• I am informed another Jamaican company has sent Mrs.Golding a ‘cease and desist’ letter for another Jamaican product or idea that she appropriated. This company was able to afford paying 700 Pounds for her to stop. The Reggae Film Festival has no such funds to employ lawyers, so we just have to bitterly accept Ms Golding’s deception and wait to see how karma returns to her, as it surely will. One question to be asked is: Is one of the ‘2 Jamaican directors’ a Jamaican lawyer who is employed by the Jamaica Intellectual Property Office (JIPO), and did he tell her that it was OK for her to go ahead and use the Reggae Film Festival name and logo, even though it was registered with JIPO?


  5. Hi Don,
    I read your comment, but cannot post it as you say I charge festivals to show your film.
    We do NOT CHARGE ANYONE to show films. All we ask is costs to cover our expenses.

    This time Festival Jamaica offered us enough for me to travel to England and back (air fare US$1,000) accommodation (US$450 per night) food (who knows) inter-London travel (again, who knows) and something for 11 days of work from 10 a.m. – 10 pm. What she offered us would have also enabled our England partner to travel to and from Birmingham where he lives and also incur the other expenses. We hoped to pay the film makers for the first time, but remember that we had borne the cost (JA$2 million) to stage the event, write and send out articles to publicize it and the film maker, pay for advertising, print programmes, etc all of which are FREE OF COST to the film maker, let alone the opportunity for it now to be seen in London.

    We try to earn something for out work for film makers (this year I am overdrawn at the bank from this year’s event) by including a clause in the Entry Form to allow us one income earning screening after the Festival. This is what the BEST OF THE REGGAE FILM FESTIVAL tour is. We hope, in vain, to begin each festival with some money in the bank, and hoped Festival Jamaica would at last be that opportunity, but our hopes were dashed. You yourself see how difficult it was for us to present the RFF in 2010 when you were there. You were disappointed to see how shoestring an operation it was, with no income whatever.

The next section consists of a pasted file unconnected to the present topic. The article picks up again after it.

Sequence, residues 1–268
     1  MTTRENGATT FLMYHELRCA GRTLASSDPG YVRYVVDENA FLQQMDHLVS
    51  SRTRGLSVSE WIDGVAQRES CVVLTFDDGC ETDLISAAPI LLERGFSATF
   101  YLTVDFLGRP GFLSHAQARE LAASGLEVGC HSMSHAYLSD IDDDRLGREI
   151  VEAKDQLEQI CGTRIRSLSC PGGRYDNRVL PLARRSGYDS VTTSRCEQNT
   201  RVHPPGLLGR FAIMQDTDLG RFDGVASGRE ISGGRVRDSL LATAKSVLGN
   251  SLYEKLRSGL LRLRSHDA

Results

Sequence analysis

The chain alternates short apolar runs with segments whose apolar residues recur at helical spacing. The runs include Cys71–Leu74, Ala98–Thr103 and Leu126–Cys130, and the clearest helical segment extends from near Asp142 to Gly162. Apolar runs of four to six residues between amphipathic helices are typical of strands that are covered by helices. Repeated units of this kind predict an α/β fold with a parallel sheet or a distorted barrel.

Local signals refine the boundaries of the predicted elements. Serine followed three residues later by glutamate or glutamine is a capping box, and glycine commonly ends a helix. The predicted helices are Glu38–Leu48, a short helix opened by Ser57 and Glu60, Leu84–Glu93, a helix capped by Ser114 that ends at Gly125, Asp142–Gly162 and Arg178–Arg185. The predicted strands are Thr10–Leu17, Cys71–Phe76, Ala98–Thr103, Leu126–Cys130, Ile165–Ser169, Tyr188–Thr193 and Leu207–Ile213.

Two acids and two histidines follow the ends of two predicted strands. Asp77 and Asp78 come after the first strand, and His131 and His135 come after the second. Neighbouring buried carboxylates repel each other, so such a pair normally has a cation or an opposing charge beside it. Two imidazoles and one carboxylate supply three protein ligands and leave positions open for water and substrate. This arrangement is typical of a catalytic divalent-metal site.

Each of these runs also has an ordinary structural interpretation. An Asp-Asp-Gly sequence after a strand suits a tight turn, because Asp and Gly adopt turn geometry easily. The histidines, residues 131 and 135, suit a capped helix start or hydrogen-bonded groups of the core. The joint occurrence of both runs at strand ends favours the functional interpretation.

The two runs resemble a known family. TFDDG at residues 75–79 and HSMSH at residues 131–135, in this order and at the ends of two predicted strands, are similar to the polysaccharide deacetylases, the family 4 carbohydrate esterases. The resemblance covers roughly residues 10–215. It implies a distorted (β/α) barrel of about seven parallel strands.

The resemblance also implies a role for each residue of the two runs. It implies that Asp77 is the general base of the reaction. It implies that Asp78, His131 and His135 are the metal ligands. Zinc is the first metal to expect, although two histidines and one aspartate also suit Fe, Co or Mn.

Re the event in Kent at which your film is being shown, Peter negotiated our presence there and has been able to secure a small fee to cover his travel costs. The organizers were originally asking him to do it for free. We do not get any of the gate fee for that event.

    We are showing 2 films at Rototom this year, for which I have negotiated a fee of JA$5,000 for each. When we attended 2 years ago we were paid nothing except travel and accommodation. We are trying to establish a distribution chain of cinemas and events where the RFF can earn film makers some money, and London was going to be our showcase event.

    It’s a bit hard for us to see that all people need to do is phone up film makers from our list and get them to agree to show their films. Before our film festival began, there was no such genre as ‘reggae films’, though there were films made in and about Jamaica. The Reggae Film Festival defined the genre and put a spotlight on all Jamaican films, as well as encouraged more to be made. Your film, for example, would hardly have to come to world attention without the RFF. Where could you have gotten the attention it received in Jamaica? We now have quite a list of ‘reggae films’ recently made, including several by Jamaicans, but all people think they need to do is book 40-year-old ROCKERS, THE HARDER THEY COME and COUNTRYMAN and call it a ‘reggae film festival’. These films that have already made their money, block out views of films like yours.

    So I will be happy to post a comment from you, but first please correct your statement that I charge people to show films.


    • Love you for this conversation Don.

      I am glad you found the RFF good for feedback for your film. All I remember is how much trouble you went to bringing the artists to the hotel with you, and despite that not winning the documentary award. I am glad to know you have subtitled it in other languages, including Spanish. If I had known, I would have sent it to Rototom this year.

      The matter of payments to film makers is important, but even more is some kind of payment to me and the organizers. We are hiring a PR person to organize next year, and their proposed fee shows what I should have been earning to organize it each year, instead of working for nothing more than the desire to help develop Jamaica’ss film industry. I can see how easily I have ended up in the red every year.

      It’s good for this conversation to have taken place. Shows people interested in the Reggae Film Festival something about the inner workings, achievements and hopes for the future. Let’s keep in touch. We have big plans for next year and REGGAE IN THE RUFF still hasn’t had the exposure it deserves.